My philosophy of teaching evolves consistently as I attempt to improve my pedagogy as I learn from my students. Learning is an activity that is created in relation to others, to culture, to one’s own self, and to those around a learner. We are all both self taught and co-taught in relation to each other. Paolo Freire (1970), the grandfather of critical pedagogy explains, “Education must begin with the solution of the teacher-student contradiction, by reconciling the poles of the contradiction so that both are simultaneously teachers and students” (p. 163). 

Additionally, I believe that not all things we learn are equal. I want us to play with learning, but to be able to be thoughtful in such a play. We should consider what our learning might bring about, how it might oppress or liberate, how what we are learning might help or hinder. Jerome Bruner (1962), a well-known cognitive psychologist who influenced contemporary educational ideas argues that, “For any subject taught we might ask [is it] worth an adult’s knowing, and whether having known it as a child makes a person a better adult” (p. 52). I believe as an artist and educator that art is a “vehicle through which we can do such things as recover hope, dignify suffering, develop empathy, laugh, wonder, nurture a sense of communion with others and regain a sense of justice and political idealism” (Alain de Botton, 2013). The object, but also the interactions we create have an impact in our world. I know I need to consider this as a teacher in ways that aren’t always taken up by educational institutions. I know my role as a teacher has political implications since if I do not critically analyze what and how I am teaching; I am perpetuating the status quo of the current system. I believe it is my responsibility to think and to do otherwise and to experiment with my students to see how the institutions we belong to can help, but how they can be changed when they hurt (see Pitsoe & Mahlangu, 2014).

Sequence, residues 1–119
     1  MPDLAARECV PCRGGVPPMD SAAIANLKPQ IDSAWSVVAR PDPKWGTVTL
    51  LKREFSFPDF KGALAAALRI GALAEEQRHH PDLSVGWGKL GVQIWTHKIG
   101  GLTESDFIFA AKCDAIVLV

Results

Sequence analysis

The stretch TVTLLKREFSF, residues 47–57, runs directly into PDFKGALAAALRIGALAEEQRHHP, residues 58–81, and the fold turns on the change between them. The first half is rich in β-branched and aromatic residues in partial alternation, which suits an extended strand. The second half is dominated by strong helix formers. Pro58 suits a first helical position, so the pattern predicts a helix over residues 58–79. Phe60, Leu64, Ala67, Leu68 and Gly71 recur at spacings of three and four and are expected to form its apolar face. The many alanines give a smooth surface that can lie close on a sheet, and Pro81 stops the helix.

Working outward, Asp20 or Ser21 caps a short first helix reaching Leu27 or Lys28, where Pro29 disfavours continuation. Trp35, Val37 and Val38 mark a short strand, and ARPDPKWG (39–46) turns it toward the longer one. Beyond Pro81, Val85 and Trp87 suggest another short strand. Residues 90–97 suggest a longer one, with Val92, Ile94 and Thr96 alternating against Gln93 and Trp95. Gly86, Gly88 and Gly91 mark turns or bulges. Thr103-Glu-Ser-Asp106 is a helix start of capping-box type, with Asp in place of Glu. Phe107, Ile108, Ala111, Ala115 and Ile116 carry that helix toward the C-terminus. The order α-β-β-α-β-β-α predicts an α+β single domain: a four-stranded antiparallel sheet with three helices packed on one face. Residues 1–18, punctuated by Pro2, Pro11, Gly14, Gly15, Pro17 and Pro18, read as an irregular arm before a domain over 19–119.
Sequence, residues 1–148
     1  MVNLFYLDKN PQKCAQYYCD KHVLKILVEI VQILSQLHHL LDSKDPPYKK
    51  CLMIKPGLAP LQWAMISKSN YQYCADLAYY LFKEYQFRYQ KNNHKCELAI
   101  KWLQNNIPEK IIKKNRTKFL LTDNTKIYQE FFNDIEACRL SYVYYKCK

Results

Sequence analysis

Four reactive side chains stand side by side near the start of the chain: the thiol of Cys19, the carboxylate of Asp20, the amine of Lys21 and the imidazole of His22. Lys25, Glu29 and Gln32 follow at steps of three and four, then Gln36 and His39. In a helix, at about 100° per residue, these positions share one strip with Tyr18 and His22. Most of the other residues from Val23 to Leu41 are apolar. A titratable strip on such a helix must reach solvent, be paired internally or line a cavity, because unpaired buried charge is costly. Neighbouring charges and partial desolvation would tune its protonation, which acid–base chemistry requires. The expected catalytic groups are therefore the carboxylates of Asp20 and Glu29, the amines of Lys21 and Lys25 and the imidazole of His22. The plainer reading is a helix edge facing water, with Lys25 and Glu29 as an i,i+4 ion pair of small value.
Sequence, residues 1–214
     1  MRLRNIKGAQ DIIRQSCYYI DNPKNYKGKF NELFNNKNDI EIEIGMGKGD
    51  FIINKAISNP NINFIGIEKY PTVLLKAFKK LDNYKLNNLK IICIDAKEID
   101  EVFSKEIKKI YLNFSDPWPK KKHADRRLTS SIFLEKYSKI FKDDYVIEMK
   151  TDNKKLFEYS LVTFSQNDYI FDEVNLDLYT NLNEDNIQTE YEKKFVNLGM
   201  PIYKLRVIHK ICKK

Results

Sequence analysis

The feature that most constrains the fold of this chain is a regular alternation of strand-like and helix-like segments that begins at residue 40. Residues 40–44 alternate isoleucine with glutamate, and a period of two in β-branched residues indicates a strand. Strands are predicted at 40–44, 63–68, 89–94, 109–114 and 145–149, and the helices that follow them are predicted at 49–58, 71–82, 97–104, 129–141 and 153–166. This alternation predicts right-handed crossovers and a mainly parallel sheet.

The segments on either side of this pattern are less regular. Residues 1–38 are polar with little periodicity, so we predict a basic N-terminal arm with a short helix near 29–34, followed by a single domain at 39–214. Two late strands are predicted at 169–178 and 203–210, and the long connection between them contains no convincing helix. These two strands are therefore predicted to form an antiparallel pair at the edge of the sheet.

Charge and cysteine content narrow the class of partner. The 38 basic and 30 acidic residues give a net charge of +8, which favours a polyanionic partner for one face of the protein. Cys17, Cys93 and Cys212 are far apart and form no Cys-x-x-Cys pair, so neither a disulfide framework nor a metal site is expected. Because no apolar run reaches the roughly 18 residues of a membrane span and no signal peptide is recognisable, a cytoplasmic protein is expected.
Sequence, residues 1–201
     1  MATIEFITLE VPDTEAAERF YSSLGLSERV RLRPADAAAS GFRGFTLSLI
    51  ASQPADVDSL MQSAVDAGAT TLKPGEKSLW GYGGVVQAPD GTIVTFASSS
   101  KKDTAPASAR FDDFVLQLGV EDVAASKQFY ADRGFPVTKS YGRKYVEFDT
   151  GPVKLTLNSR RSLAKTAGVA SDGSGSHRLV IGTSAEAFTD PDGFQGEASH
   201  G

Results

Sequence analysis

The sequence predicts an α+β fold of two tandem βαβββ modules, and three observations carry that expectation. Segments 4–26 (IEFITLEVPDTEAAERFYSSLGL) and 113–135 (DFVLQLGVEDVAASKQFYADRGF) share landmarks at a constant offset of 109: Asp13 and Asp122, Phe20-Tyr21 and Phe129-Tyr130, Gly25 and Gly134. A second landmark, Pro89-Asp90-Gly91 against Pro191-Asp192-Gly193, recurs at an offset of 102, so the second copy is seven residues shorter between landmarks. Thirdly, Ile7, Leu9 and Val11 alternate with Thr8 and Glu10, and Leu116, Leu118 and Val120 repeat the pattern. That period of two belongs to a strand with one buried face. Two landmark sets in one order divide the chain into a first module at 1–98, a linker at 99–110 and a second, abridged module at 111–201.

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Photo: John Barkiple